Published on February 9th, 2018 | by voxx0
Hookworms – Microshift
The former heads-down psych act get into their heads for album three…
Gone is the Space Echo effect and its burnished yelp that defined Hookworms’ earlier work. Microshift is named for the plug-in that Hookworms singer MJ used to treat his vocals across the Leeds band’s third album. This nerdy information will appeal to the Hookworms hardcore. Having partially amassed an audience through performing at various international psych fests, they’re perhaps more likely to attract fans interested in the minutiae of their complex pedal board arrangements than their emotional bandwidth. But Microshift doesn’t just nod to Hookworms’ updated tech spec; it also hints at a wider evolution in sound and intimacy.
The three years since Hookworms released The Hum were transformative in ways good and bad. Live shows with Richard Formby and Karen Gwyer encouraged them to bring synth whiz MB’s proggy, modular textures to the fore, and pare back on their old roaring organs and hurtling motorik. But they also suffered untold setbacks. A visa issue aborted an entire US tour, leaving them in the hole financially – and that was before MJ’s Suburban Home Studios suffered a devastating flood on Boxing Day 2015. Relationships ended, friends died, family members became ill. Microshift sets MJ’s regrets surrounding these granular losses against a progressive new vision of the band.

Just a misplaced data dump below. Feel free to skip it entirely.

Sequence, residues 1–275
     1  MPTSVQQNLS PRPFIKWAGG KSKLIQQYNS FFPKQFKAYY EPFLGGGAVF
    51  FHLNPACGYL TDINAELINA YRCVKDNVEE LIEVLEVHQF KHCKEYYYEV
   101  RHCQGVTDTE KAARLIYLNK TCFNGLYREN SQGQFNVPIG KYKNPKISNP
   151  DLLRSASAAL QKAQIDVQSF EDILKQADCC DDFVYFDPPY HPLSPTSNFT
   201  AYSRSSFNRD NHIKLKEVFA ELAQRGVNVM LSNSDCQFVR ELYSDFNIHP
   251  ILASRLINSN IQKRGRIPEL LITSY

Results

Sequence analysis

“Indie band embraces synths” is a common and often cynical move, and Hookworms do pull some undeniably familiar shapes on Microshift. The needling synths and disco smack of ‘Negative Space’ recall Factory Floor’s first record for DFA, and the wistful crescendos of ‘Opener’ evoke both the romance of Phoenix and the relentlessness of Michael Rother’s solo work. They may be somewhat derivative, but they’re still deeply satisfying. The former peaks around MJ’s desperate howls over the end of a relationship (“how long’s forever?”), and the latter offers a warm, coaxing atmosphere as he persuades a male friend to open up.
Elsewhere, MB’s sound design is always yoked to strong pop songcraft, and the five-piece understand where to leave space to let their intricate, insightful synth explorations shine. The acid squelch of ‘Ullswater’ sounds like a disco in a wet bog, all satisfyingly bubbling and syncopated, and the organic, modular backdrops to ‘The Soft Season’ and ‘Each Time We Pass’ provide a human setting for MJ’s raw lyrics, properly audible for the first time on a Hookworms record.
His main theme is permanence: coming to terms with a lost love (‘Static Resistance’) and losing someone to a degenerative illness (‘Ullswater’); the mudslide that ruined his studio similarly obliterates his sense of self on the terse Boxing Day, which churns with saxophone squall. Hookworms have always made music for the heads, but Microshift is their first record from the heart – an unusual yet utterly coherent balance of tenderness and euphoria, vulnerability and invention.
- By Jake White